"Aspetto da un decennio."

Translation:I have been waiting for a decade.

February 27, 2013



The present tense can be used in Italian to show that an action begun in the past is still going on. This is usually in conjunction with a time element -- da due giorni, da molto tempo . . .

February 28, 2013


"da" is kind of "since" in this case?

February 17, 2014


Thanks that helps a lot.

May 23, 2018


How do I know that this sentence is in past tense with 'have been waiting' or 'have waited' when the sentence is 'Aspetto da un decennio.' Is 'I wait for a decade' not correct? Any thoughts?

February 27, 2013


(American English speaker) I said "I wait for a decade" because I was being cautious, and I got it correct, but actually it doesn't mean anything that I can think of in any real situation. I see that "I have been waiting for a decade" is the actual meaning.

April 17, 2014


I put "ten years" wondering if DL would accept it, suspecting it wouldn't, and it didn't. :-(

I can't think of a situation where anyone would use the word "decade" when they mean ten years, unless they were being facetious.

August 21, 2014


It is accepted April 2019

April 12, 2019


I did my waiting! Twelve years of it! In Azkaban!

February 21, 2015


You smile very nicely for one who's been tormented so long! :-)

May 23, 2018


Would it be wrong to use "per" instead of "da?" That's what I use most often.

March 25, 2014

  • 1214

Not sure if this has been answered or not, but my instructor explained to me that one uses 'da' for time periods up to and including the present and you use 'per' for time periods from the present and continuing into the future.

July 26, 2017


Great answer. Thank you.

May 23, 2018


Grazie mille, Mark!

December 24, 2018


The idiomatic meaning of the sentence is "I have been waiting for ever" frequently said in disgust. I think the literal translation is the least likely intent of whoever spoke it.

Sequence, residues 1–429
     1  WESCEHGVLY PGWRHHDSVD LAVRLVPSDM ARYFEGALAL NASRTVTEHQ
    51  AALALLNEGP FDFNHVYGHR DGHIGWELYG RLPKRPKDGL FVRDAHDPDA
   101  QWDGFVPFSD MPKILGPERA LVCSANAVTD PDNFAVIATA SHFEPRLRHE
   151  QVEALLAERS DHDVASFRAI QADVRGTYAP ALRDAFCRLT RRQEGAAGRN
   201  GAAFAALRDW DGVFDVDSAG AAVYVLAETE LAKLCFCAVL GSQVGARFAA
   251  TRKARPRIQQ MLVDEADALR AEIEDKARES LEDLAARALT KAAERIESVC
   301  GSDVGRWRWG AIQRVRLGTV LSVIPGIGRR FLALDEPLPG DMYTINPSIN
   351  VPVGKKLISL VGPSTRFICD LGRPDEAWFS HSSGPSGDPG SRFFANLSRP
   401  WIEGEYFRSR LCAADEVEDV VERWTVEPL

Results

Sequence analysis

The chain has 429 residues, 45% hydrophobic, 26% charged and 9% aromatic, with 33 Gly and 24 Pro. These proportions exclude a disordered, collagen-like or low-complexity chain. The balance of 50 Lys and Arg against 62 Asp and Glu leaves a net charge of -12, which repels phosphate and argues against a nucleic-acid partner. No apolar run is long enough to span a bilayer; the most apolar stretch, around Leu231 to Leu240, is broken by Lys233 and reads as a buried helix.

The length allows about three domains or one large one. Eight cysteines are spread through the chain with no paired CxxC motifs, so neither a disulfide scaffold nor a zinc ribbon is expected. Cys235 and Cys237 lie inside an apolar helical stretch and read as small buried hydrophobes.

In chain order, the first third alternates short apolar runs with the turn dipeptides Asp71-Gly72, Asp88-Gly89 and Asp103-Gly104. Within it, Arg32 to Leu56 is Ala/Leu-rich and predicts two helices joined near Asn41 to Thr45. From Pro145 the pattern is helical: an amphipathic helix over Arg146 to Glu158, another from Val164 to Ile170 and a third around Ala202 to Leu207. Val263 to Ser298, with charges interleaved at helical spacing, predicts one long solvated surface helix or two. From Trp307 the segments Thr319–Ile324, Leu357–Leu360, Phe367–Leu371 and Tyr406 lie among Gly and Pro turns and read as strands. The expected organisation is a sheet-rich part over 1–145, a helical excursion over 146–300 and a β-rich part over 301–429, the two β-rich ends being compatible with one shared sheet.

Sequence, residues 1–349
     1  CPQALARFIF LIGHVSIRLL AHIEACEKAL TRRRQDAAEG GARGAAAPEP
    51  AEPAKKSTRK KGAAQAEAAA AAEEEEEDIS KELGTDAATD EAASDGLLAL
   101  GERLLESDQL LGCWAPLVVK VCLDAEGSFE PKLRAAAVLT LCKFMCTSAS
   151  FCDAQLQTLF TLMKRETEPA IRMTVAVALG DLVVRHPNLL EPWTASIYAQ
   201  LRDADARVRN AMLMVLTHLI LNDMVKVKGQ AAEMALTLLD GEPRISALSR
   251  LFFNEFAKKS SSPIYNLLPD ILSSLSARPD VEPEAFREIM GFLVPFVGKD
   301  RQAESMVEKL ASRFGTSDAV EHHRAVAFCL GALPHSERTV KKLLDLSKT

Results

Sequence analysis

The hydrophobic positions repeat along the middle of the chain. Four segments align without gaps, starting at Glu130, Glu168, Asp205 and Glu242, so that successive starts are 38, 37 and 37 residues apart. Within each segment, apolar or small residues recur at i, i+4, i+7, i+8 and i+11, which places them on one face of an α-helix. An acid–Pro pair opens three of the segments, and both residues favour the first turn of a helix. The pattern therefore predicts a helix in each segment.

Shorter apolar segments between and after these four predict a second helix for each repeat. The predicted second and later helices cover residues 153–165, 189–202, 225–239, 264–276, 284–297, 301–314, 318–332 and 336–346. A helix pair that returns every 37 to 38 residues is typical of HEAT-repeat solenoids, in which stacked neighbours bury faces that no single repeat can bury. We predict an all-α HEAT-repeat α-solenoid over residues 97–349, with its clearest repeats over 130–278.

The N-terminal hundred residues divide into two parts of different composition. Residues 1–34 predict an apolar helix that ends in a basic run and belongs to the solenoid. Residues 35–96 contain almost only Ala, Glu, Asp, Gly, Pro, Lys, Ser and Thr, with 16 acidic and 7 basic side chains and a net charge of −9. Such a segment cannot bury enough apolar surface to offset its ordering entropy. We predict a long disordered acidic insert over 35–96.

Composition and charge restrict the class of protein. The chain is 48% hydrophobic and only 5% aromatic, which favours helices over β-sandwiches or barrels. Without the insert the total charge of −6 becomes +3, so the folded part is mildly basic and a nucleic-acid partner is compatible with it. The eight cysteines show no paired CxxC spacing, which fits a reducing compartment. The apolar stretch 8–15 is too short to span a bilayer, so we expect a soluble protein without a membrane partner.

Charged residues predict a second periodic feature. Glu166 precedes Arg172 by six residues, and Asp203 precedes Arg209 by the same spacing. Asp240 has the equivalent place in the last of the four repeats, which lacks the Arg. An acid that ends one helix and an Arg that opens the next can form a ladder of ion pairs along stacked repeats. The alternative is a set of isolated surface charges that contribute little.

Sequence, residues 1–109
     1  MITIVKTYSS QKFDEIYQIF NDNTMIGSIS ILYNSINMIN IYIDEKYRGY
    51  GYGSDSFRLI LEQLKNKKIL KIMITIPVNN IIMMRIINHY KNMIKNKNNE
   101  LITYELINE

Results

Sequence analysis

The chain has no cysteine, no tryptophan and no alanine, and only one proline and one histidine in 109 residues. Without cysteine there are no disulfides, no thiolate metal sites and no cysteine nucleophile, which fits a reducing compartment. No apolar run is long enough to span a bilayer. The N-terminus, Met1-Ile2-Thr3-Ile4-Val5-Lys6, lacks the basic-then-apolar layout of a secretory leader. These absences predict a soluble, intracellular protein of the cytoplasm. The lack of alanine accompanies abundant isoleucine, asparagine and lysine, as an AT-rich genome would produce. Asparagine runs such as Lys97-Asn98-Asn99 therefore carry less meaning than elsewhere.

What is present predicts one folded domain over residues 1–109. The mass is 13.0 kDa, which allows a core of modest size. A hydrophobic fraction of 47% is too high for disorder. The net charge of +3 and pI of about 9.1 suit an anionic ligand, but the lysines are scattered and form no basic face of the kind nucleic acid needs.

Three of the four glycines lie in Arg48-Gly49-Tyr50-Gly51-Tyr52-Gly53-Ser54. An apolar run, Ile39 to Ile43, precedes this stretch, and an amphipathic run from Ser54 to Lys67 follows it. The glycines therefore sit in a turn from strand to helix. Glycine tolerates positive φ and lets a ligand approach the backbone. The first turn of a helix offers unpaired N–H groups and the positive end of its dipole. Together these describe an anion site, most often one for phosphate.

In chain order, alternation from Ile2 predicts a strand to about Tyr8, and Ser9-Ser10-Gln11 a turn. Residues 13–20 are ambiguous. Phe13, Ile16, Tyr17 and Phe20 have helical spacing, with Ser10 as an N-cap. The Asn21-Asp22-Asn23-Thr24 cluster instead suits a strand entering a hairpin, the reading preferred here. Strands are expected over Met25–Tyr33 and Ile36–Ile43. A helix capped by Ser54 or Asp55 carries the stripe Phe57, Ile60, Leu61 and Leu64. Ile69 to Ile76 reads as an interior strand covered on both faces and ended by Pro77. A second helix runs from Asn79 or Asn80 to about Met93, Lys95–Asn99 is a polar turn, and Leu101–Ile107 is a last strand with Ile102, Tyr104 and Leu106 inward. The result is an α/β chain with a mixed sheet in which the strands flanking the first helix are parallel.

October 22, 2014


Ah, so when service is slow in a restaurant, 'Aspetto da un decennia' รจ la frase giusta?

November 18, 2014


How rude!!!

August 17, 2014


Why is "da" translated as "for"? I thought it was "from" or "by"

October 22, 2014


Yes, agreed. I believe this is what indicates the past tense as the correct translation

November 13, 2017


I said "I'm waiting for a decade" implying I'm currently waiting through the decade and it was correct, which differs from "I have been waiting for a decade" implying you're done waiting, is this just me being too literal in my translation?

January 14, 2015


I suspect that "da" in Italian is used in the same way as "depuis" in French. Where in English we use for + a period of time (for a week) and since + an exact point in time (since last Tuesday) depuis is used in both instances in French and I think da is the same. Can anyone confirm this?

January 21, 2015


I put a decade. It said i was wrong and should have been one decade?

August 7, 2014

  • 1011

A Patriots fan?

February 12, 2015


what's wrong "since a year"?

February 19, 2015


I would have used the "passato prossimo" tense ;e.g., "Ho aspettato da un decennio" rather than the "presente" tense.

March 1, 2015


And me mad at you

January 29, 2016


ten years should be a correct translation

June 21, 2018


I have been waiting for ages?

November 22, 2018


I answered: " I waited for a decade," It means "I have been waiting for a decade" Why my answer is not accepted?

February 6, 2019

  • 1214

I know it's subtle but there is definitely a difference between those two statements. Your answer implies an action that has been completed, which means we would use the present perfect (passato prossimo) in italian. since what we are doing continues into the present, in Italian we can use the present tense to indicate this.

February 7, 2019


Why is it not "per decennio?"

December 15, 2013


In German some verbs have a specific preposition associated with them, so maybe it's like that? Just my guess :]

January 19, 2014


Multiply that by 20 and you'll be Rory Williams! XD Also, can you use per instead of da, or does da go with aspetto?

July 30, 2016


What was so important you twiddled your thumbs for a decade

August 5, 2015


Why won't Duo accept "for 10 years"?

September 29, 2016


doesn't aspetto already mean "to wait for", so the "ad" is not necessary?

April 17, 2013


I think aspetto means i wait. For example, aspetto fino a means i wait until, not i wait for until.

July 26, 2014


I think the "for" confuses matters here: wait for (something) for (some time period). Especially in the given translation, "I have been waiting for a decade," like a decade is the thing you're waiting for.

It sometimes helps me to translate aspettare as "await", to dodge the preposition confusion. And "aspettare da" as an idiom for "waiting since".

August 25, 2014
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